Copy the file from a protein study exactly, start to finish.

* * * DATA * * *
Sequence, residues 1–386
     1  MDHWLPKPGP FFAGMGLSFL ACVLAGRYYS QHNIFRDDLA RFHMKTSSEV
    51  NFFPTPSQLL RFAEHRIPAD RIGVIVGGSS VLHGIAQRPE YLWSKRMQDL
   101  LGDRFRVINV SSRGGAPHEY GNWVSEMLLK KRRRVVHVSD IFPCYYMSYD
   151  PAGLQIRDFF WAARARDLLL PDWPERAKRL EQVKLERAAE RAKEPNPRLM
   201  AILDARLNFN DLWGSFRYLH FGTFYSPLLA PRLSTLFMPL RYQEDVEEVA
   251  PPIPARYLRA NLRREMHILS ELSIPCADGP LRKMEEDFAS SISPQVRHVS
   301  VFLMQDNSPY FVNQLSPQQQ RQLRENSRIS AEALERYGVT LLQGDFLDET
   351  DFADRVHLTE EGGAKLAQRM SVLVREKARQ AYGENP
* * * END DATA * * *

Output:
Sequence, residues 1–386
     1  MDHWLPKPGP FFAGMGLSFL ACVLAGRYYS QHNIFRDDLA RFHMKTSSEV
    51  NFFPTPSQLL RFAEHRIPAD RIGVIVGGSS VLHGIAQRPE YLWSKRMQDL
   101  LGDRFRVINV SSRGGAPHEY GNWVSEMLLK KRRRVVHVSD IFPCYYMSYD
   151  PAGLQIRDFF WAARARDLLL PDWPERAKRL EQVKLERAAE RAKEPNPRLM
   201  AILDARLNFN DLWGSFRYLH FGTFYSPLLA PRLSTLFMPL RYQEDVEEVA
   251  PPIPARYLRA NLRREMHILS ELSIPCADGP LRKMEEDFAS SISPQVRHVS
   301  VFLMQDNSPY FVNQLSPQQQ RQLRENSRIS AEALERYGVT LLQGDFLDET
   351  DFADRVHLTE EGGAKLAQRM SVLVREKARQ AYGENP